Opinion, Berkeley Blogs

Mandatory versus voluntary labeling: The case of Prop 37

By David Zilberman

In debating Proposition 37, people ask me ‘What’s wrong with providing information to consumers?’ The answer is ‘information provisions are costly and therefore society must make a choice whether labeling should be mandatory or voluntary?’ Currently, food items and other consumer goods are covered with ‘labels’, from branding logos to certifications of kosher, halal, organic or fair trade, but most of it is voluntary. Whoever places a company logo, pays for it and backs it up. For example, fair trade coffee is backed up by an organization that certifies it the coffee growers receive fair compensation and fulfill other standards. It is costly, and it presumably adds to the price of the coffee but the consumer that is interested in this property is ready to pay. There are few mandatory informational labeling requirements. They include basic information about nutritional content and the most prominent example of mandatory labeling is the Surgeons General warning on cigarettes. Mandatory labeling is justified if the overall societal benefit from labeling exceeds the cost. In the case of cigarettes, the cost of the labeling is relatively small but the benefit may be very high because it is proven by the scientific community that cigarettes are detrimental to human health. In the case of nutritional content, the labeling entails some expense that may add to price of the food but for most of public, the value of the information is higher than the cost and at least in principle, the democratic process resulted in mandatory labeling.

Now let’s look at GMO. It is far from the case of cigarettes. Several reputable scientific societies and academies have suggested that GM is as safe as conventional food or organic food and furthermore is good for developing countries (Councils of The Royal Society of London, the U.S. National Academy of Sciences, the Brazilian Academy of Science, the Chinese Academy of Science, the Indian National Science Academy, the Mexican Academy of Science, and the Third World Academy of Science). The American Academy of Arts and Sciences have actually also recommended against voting for Prop 37 (http://www.aaas.org/news/releases/2012/1025gm_statement.shtml). So there is no obvious risk that justifies the mandatory labeling. But still, consumers may be need this information to make decisions. Therefore, there is a case to be made for it to be subject to the electoral process. Introducing the labeling is costly and it will increase the cost of food and has other implications. People that value this informational and are willing to pay can vote in favor of this proposition. In this case, people that are not willing to pay the implied premium will vote against the proposition. If the proposition fails, then people that really value the information and are ready to pay the premium will have to rely on voluntary labeling. Already there are private certifiers that label or assist in identification of ‘GMO-free’ food and then there is always to option to buy organic. Obviously, life is not always fair. If the proposition passes, people who do not value the information will have to pay extra for their food (and/or consume less), and if it fails, some people that would have benefited from mandatory labeling would not be willing the pay the extra cost of voluntary labeling.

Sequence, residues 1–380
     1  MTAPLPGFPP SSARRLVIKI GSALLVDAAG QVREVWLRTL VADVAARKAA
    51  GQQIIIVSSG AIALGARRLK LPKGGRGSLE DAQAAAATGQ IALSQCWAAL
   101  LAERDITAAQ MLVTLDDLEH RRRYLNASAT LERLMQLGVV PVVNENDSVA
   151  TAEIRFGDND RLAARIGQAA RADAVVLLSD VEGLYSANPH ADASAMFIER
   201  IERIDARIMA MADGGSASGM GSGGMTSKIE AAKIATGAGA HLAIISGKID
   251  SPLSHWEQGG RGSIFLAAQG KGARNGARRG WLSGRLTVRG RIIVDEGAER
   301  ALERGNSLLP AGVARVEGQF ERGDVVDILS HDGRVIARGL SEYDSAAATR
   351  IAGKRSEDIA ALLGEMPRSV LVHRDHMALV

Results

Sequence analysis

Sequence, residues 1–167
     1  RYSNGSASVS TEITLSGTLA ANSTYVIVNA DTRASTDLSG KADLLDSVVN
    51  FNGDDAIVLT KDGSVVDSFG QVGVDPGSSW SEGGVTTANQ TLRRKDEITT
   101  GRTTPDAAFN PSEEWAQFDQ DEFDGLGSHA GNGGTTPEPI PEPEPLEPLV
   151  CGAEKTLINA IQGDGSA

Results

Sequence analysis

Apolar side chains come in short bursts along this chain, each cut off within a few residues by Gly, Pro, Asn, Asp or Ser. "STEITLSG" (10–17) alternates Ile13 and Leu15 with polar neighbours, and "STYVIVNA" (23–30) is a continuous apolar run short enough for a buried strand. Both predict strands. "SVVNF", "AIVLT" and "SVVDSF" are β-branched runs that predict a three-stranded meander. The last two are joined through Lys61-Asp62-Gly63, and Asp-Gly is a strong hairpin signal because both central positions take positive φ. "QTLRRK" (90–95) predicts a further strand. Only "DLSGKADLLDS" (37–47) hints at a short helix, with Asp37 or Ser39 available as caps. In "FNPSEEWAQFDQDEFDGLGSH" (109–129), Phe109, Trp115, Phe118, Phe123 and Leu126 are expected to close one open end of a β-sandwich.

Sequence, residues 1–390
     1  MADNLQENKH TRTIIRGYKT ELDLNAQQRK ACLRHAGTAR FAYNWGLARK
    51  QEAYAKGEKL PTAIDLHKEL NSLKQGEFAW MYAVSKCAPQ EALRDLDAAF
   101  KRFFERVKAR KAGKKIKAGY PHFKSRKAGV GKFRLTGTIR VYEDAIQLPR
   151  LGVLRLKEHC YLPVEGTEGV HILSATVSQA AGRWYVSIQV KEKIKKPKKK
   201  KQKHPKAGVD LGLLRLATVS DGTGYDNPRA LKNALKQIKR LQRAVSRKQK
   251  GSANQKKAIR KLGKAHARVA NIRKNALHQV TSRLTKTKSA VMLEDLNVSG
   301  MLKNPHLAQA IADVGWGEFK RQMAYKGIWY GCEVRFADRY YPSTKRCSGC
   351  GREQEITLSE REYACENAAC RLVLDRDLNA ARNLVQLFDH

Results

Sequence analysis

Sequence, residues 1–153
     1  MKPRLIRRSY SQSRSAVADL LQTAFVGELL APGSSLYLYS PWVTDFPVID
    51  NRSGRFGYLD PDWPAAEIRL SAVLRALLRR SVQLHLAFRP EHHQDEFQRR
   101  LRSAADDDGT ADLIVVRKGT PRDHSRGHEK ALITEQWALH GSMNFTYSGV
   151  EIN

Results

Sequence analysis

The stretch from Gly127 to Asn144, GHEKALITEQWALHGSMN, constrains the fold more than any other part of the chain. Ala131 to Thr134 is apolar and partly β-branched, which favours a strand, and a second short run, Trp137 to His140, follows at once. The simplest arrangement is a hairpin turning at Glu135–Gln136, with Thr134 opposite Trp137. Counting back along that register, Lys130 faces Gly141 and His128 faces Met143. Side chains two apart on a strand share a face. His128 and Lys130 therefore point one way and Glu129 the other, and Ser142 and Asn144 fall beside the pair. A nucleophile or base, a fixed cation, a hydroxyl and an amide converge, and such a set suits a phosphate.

Thus the real issue is, ‘what are the costs?’ We can distinguish between direct and indirect costs. The direct costs are estimated by respected economists to be approximately $350- $400/year for the average Californian family. Even if one assumes distrusts this estimate, and assumes that this study doubled the cost, then $200/year is not insubstantial especially for poorer families. Then there are the indirect effects. Labeling in California will lead to labeling elsewhere and will be an indicator of researchers and investors that investment in agricultural biotechnology is not as favorable as they thought, which will reduce the development of these technologies. Already even the limited use of GM in corn and soybean has reduced the price of food to consumers by about 3-4%. Future investment in these technologies allows for the increase supply of food, reduce the cost of adaptation to changing weather patterns due to climate change and the overall cost of food. Less investment in GM will reduce all of these potential benefits and the losers will be the poor people in the US and overseas. Thus to some extent, I see Proposition 37 is a mechanism to address the anxieties of the well to do on the back of the poor, who are sometimes unaware of these processes.

Then there are other issues that are attached to do with the Proposition that have nothing to do with it. Some people that advocate for diversified farming systems are against the proposition. I am also for diversified farming, but improved genetic technologies can contribute to DFS; GM allows for more flexibility to reduce chemicals in agriculture and actually enables the resurrection of old varieties that were not used before due to pest problems that can be addressed by GM. Others object to GM because of agribusiness. Agribusiness will thrive anyway, with or without GM; actually some big chemical companies, mostly European, will be the big beneficiaries of reducing GM products. Thus I will vote against Proposition 37, because I think defeating will actually benefit the poor and the environment.